Monday, April 27, 2020

Constantine Singer

Constantine Singer grew up in Seattle and earned his BA from Earlham College and his Masters from Seattle University. He currently lives in the Echo Park neighborhood of Los Angeles with his family and teaches history at a high school in South LA.

Singer's debut novel is Strange Days.

My Q&A with the author:

How much work does your title do to take readers into the story?

Titles are the most difficult part of a manuscript for me -- they’re the reader’s introduction to the work and they direct the cover design which becomes the primary enticement tool on the shelf.

Strange Days got its final title less than a day before it was sent for cover design. It had previously held at least a dozen different titles, none of which were effective. Putnam had finally settled on Patched! Which they thought was a “tech-forward” title but nobody, including them, loved it.

My agent earned every penny of his cut and more by refusing to allow it and tossing Strange Days out there as an alternative. My editor agreed, saying something along the lines of “whatever,” and I went back and seeded the phrase throughout the manuscript. In the end, it led to a wonderful cover, which is enticing, but the title itself has never pulled its weight.

What's in a name?

Some names in Strange Days are archeological remnants of early versions of the story idea. Alex, Sabazios, Cassandra and Sybil all survived in-tact from the first iteration of an outline in which I thought the book would be a metaphorical retelling of Alexander the Great’s conquering of Anatolia -- Sabazios was the King of Gordia (of Gordian Knot fame) whose cleverness was undone by Alexander’s blunt refusal to play by his rules.

Cassandra and Sybil were placeholder names from that same outline and were more role-descriptions than names. Cassandra would tell the truth that Alex didn’t want to believe and Sybil would speak for the Oracle.

Of course, none of the original metaphor ended up in the final manuscript, but the names stuck.

Also, I chose Alex’s last name, Mata because it can mean both, “shrub” and “He kills” depending on context, and that felt a lot like Alex.

How surprised would your teenage reader self be by your novel?

I think my teenage self would be unsurprised by the content of the novel -- as a teenager I was fascinated by science fiction, and time travel specifically -- but I would be very surprised I had the wherewithal to actually finish a manuscript and submit it for public inspection.

As a teenager, I was terrified of putting myself out into public view as anything other than an occasionally loveable screw-up who spent most of his time and energy getting loaded. I wouldn’t even turn in homework I’d completed because I couldn’t handle being judged on my merits.

I also think my teenage self would be horrified at how exposed he is in the book. He and Alex have a lot in common.

Do you find it harder to write beginnings or endings? Which do you change more?

Beginnings. Beginnings beginnings beginnings. When I start a project, I assume that the first twenty pages won’t make it through the second draft. I have a pretty reliable story-building technique, so I’m always clear about where things are headed and how they’ll end, but never where to start.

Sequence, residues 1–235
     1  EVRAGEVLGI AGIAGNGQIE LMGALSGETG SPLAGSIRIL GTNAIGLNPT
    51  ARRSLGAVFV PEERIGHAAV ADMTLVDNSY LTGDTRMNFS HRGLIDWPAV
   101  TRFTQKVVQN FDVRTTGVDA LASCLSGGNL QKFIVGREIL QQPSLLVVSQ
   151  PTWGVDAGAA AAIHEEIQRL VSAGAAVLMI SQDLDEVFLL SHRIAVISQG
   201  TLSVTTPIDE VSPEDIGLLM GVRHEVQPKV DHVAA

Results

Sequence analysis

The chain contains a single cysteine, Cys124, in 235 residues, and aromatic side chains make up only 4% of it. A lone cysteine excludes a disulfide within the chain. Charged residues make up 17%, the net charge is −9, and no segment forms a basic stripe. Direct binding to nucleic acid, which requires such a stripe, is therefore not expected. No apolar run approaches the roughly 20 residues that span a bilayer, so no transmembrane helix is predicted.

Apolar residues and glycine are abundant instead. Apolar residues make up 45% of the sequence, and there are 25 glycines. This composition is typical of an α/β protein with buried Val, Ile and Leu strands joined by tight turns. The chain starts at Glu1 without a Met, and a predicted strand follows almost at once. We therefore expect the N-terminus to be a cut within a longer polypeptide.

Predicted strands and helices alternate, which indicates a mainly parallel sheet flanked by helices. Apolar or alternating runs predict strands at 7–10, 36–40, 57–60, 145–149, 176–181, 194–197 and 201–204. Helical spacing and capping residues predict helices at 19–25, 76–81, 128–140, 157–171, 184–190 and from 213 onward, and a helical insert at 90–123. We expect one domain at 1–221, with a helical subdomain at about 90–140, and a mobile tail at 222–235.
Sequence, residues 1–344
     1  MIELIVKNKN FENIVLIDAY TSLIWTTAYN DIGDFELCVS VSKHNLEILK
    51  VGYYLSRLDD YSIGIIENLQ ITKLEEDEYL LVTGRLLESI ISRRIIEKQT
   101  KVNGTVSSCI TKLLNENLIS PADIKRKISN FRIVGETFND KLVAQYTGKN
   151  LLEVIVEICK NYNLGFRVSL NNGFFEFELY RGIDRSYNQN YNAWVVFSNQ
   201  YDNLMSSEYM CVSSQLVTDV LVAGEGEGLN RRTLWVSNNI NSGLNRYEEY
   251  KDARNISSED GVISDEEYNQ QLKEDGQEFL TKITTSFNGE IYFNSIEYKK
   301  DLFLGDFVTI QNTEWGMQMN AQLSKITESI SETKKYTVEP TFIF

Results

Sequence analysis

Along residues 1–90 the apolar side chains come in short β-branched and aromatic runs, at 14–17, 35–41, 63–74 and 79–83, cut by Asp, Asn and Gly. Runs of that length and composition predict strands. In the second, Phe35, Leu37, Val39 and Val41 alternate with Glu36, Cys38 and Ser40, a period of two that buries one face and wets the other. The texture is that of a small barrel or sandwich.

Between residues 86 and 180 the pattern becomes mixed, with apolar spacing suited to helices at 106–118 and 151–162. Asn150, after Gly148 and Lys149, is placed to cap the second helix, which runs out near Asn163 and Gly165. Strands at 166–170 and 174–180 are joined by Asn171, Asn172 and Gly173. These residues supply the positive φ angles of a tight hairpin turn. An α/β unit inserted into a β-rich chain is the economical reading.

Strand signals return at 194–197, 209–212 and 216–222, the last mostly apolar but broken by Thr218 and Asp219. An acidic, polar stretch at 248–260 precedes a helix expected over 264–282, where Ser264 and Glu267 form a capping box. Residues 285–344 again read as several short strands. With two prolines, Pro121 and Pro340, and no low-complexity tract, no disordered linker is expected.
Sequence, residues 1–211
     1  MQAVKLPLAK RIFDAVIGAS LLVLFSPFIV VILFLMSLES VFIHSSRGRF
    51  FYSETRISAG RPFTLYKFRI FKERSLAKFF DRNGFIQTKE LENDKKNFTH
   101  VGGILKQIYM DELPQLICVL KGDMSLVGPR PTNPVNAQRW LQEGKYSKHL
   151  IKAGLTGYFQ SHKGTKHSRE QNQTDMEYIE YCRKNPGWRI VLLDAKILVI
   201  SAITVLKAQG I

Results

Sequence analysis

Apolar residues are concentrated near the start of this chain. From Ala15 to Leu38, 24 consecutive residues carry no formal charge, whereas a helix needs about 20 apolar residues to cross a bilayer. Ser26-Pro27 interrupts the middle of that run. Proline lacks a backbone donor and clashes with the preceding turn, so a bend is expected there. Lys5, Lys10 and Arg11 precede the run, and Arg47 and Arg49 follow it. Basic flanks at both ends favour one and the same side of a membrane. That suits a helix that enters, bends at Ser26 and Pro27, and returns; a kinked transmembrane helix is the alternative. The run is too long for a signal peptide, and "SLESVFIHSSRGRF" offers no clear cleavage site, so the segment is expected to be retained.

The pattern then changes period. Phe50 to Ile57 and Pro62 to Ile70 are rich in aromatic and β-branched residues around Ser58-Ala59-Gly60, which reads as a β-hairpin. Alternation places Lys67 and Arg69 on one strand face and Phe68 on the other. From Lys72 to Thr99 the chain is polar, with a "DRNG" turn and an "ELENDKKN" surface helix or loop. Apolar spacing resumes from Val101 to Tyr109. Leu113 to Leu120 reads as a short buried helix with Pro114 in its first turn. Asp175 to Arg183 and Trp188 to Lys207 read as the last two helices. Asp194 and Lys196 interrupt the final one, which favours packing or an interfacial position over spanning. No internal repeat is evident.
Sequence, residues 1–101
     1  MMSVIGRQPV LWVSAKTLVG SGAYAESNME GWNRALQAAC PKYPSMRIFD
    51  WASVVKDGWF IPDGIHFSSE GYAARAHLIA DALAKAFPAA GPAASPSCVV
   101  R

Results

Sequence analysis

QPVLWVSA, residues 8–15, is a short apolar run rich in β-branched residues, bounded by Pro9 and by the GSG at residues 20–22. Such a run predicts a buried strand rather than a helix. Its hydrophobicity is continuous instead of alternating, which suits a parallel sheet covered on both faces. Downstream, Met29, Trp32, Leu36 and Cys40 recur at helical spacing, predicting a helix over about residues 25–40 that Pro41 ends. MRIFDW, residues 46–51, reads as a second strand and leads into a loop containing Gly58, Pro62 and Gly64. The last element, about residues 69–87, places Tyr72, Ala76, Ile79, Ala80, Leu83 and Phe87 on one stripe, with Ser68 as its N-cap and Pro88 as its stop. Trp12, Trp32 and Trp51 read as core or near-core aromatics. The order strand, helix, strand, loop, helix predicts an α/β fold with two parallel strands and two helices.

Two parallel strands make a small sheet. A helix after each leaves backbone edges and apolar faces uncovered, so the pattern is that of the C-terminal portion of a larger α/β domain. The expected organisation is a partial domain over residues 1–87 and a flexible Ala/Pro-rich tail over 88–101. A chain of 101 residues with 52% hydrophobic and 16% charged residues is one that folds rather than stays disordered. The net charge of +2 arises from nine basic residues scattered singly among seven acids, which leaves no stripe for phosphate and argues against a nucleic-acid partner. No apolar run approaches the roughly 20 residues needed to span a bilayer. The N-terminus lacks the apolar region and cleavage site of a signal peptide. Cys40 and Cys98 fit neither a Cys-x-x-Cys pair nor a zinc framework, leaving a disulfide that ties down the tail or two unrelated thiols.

I don’t mind, though. Those extra-long unnecessary edited-out first sections are where I learn about voice and tone and where I get to explore my characters’ personal worlds. It’s where I meet family and learn about passions and fears. It’s also where I get to spend some time literally getting dressed with my characters and eating meals -- if I don’t do that, it’s hard to really know who they are.

Every manuscript I’ve written, I keep a separate file titled “Parts.” It’s where all these things go when I excise them from the manuscript. I keep them because those early experiences are like a baby-book -- a place to remember who they were.

Do you see much of yourself in your characters? Do they have any connection to your personality, or are they a world apart?

Alex is a pretty accurate reflection of the clockworks inside teenage me. He is (and I was) fear-bound and afraid of judgment. Alex’s focus on all the ways he’s different from everyone around him is straight out of my experience, too. Most of my protagonists are “inside-outsiders” -- kids who look like they should belong, but who know -- for various reasons -- that they don’t. Alex is Latino, but can’t speak Spanish. His parents own their home and have some money while his friends are poor and from immigrant families. He isn’t physical like his brother and father, and he hides his intelligence because he doesn’t want to stand out from the crowd. Our circumstances might be different, but the fear is exactly the same.

What non-literary inspirations have influenced your writing?

I’m politically minded and that shows up clearly in my writing. Less obvious is probably my three-decade long conversation with God. My spiritual questing began when I was 19 and I have a minor in religion because of it. I was on the road to becoming a minister at one point in my life, too, so the dynamics and mechanics of faith show up as major themes in almost everything I write.

Alex’s story is essentially a story of doubt and faith -- Alex consistently puts his faith in others he sees as better than him while never having any in himself. His story can be seen as a spiritual journey, being betrayed by imperfect objects of faith and finally learning to sustain himself from the small heat of the eternal flame within.

I’m also a recovering anthropology major and tend to see things through a sociocultural lens. Anomie and adaptive culture are regular themes in my work.
Visit Constantine J. Singer's website.

The Page 69 Test: Strange Days.

My Book, The Movie: Strange Days.

--Marshal Zeringue